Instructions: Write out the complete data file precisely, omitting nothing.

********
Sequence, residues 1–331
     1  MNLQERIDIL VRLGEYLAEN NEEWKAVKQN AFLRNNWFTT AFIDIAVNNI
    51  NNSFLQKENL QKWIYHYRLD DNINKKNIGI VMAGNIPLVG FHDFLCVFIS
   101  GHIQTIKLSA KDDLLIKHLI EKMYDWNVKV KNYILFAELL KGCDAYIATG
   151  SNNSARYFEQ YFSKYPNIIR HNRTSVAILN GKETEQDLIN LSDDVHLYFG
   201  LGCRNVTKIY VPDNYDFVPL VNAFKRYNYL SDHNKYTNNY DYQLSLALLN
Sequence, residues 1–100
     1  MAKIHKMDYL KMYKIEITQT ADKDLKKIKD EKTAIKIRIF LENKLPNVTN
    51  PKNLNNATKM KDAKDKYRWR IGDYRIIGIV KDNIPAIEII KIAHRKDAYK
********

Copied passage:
Sequence, residues 1–331
     1  MNLQERIDIL VRLGEYLAEN NEEWKAVKQN AFLRNNWFTT AFIDIAVNNI
    51  NNSFLQKENL QKWIYHYRLD DNINKKNIGI VMAGNIPLVG FHDFLCVFIS
   101  GHIQTIKLSA KDDLLIKHLI EKMYDWNVKV KNYILFAELL KGCDAYIATG
   151  SNNSARYFEQ YFSKYPNIIR HNRTSVAILN GKETEQDLIN LSDDVHLYFG
   201  LGCRNVTKIY VPDNYDFVPL VNAFKRYNYL SDHNKYTNNY DYQLSLALLN
Sequence, residues 1–100
     1  MAKIHKMDYL KMYKIEITQT ADKDLKKIKD EKTAIKIRIF LENKLPNVTN
    51  PKNLNNATKM KDAKDKYRWR IGDYRIIGIV KDNIPAIEII KIAHRKDAYK